The Theater Support Vessel (TSV), the Army's future watercraft, is an essential element for the Future Forces. It will provide commanders high-speed, intra-theater sealift mobility that is not limited to major ports. The TSV will maximize rapid intra-theater sealift to provide the warfighter the capability to operationally move and maneuver combat ready forces and follow-on sustainment.

The TSV will, initially, augment and then replace selected legacy watercraft such as the LCU-2000 and several variants of Army floating craft that were conceptualized and built in the 1970s - 80s to support a forward deployed heavy force. The TSV will be optimized to support operational movement and maneuver of interim and objective forces while continuing to provide support to current heavy forces. The TSV will be a platform built using existing technologies that have been developed in the commercial market place. Military utility will be further enhanced by integrating existing commercial & military technologies to improve vessel productivity, survivability and supportability.

The Theater Support Vessel (TSV), the Army's future watercraft, is an essential element for the Future Forces. It will provide commanders high-speed, intra-theater sealift mobility that is not limited to major ports. The TSV will maximize rapid intra-theater sealift to provide the warfighter the capability to operationally move and maneuver combat ready forces and follow-on sustainment.

The Army intended to acquire the Objective Theater Support Vessel (OTSV), which is required for the intra-theater movement of troops and military equipment. Military equipment includes troops (passengers), rolling stock, containers and pallets, which are not on trailers. It will have the ability to operate out of minor ports, which are too small for large commercial cargo vessels and shall have its own organic cargo handling capability. The TSV must be able to self-deploy long distances without cargo and be built to commercial standards, supplemented as needed with military requirements, such as structural requirements beyond the minimal normally required for vehicle fast ferries.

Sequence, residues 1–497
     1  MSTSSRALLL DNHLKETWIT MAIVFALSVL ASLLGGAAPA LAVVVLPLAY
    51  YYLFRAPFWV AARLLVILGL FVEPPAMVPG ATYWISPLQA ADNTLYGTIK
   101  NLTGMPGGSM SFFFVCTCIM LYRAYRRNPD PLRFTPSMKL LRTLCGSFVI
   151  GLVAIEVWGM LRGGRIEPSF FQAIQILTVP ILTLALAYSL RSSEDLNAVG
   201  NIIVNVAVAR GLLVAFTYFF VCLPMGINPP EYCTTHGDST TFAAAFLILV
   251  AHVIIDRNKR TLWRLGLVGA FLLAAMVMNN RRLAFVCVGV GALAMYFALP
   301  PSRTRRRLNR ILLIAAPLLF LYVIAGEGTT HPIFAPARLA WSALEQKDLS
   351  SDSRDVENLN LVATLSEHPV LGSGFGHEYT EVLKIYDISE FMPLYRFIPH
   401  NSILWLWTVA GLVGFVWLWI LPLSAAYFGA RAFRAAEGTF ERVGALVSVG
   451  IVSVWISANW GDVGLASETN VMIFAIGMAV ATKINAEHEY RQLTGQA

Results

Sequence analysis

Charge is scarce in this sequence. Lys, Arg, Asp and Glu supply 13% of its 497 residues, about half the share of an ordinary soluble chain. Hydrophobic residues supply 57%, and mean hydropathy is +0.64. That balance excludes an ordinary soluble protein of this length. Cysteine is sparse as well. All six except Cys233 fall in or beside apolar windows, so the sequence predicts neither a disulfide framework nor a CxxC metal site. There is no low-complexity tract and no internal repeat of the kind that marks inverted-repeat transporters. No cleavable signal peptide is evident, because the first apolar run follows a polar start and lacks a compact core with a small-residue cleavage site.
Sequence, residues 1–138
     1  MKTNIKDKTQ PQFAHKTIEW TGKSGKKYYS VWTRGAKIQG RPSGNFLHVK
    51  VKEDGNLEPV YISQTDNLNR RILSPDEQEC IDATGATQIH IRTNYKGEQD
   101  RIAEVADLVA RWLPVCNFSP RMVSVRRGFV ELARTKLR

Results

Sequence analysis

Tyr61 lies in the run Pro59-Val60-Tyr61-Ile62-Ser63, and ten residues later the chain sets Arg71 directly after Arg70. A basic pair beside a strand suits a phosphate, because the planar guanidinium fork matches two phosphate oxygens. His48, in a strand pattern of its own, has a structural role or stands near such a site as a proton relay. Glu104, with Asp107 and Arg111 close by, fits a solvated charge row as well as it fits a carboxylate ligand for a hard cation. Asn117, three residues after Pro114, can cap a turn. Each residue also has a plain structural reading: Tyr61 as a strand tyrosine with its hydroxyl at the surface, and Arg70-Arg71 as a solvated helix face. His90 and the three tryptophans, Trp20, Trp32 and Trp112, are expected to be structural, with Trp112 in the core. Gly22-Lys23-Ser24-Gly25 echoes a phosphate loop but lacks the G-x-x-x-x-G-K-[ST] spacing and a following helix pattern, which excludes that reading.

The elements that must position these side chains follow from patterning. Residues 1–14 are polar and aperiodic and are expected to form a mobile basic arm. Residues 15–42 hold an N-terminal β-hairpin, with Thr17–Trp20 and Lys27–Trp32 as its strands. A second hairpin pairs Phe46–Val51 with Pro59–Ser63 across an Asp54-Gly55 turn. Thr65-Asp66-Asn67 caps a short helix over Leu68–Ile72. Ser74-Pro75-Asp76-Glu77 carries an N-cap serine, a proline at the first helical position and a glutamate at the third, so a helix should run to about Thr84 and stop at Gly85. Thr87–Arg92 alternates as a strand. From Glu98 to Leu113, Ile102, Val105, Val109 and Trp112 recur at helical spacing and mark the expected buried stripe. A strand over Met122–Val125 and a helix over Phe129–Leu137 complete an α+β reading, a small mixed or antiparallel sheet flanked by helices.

Theater Support Vessel (TSV) Characteristics

The vessel characteristics include: interoperability, container handling (load/unload 20' ISO containers, 463L pallets and PLS flat racks), rolling stock cargo handling, shallow draft, sea keeping, intra-theater lift capability/operational range, self-deployment, port accessibility, the ability to pass through the Panama Canal, vertical replenishment and an option for a helicopter deck.

It appeared that the Draft Purchase Description as of June 18, 2003 intended to limit the responses from industry to milti-hull catamaran type vessels, based on the length requirement of 121 meters. The limitation of the vessel length to 121 meters was based on a 2002 "Worldwide Port Survey" in which 282 ports in the US Central Command and US Pacific Command areas were analyzed.

The TSV shall be capable of defending itself against a small boat(s) attack. The TSV shall also have the capability to detect by bearing missiles that are RF, IR or Laser guided. These capabilities will be accomplished through a series of crew served weapons/remotely controlled weapons and missile warning system(s). The SPS self-defense capability is limited to very close range and interaction weapons (small arms and .50 caliber machine gun). Additional detection and engagement range (detection at 10 miles, and engage at 2-4 miles) may be needed to protect the crew and 354 troops that will be on-board the TSV.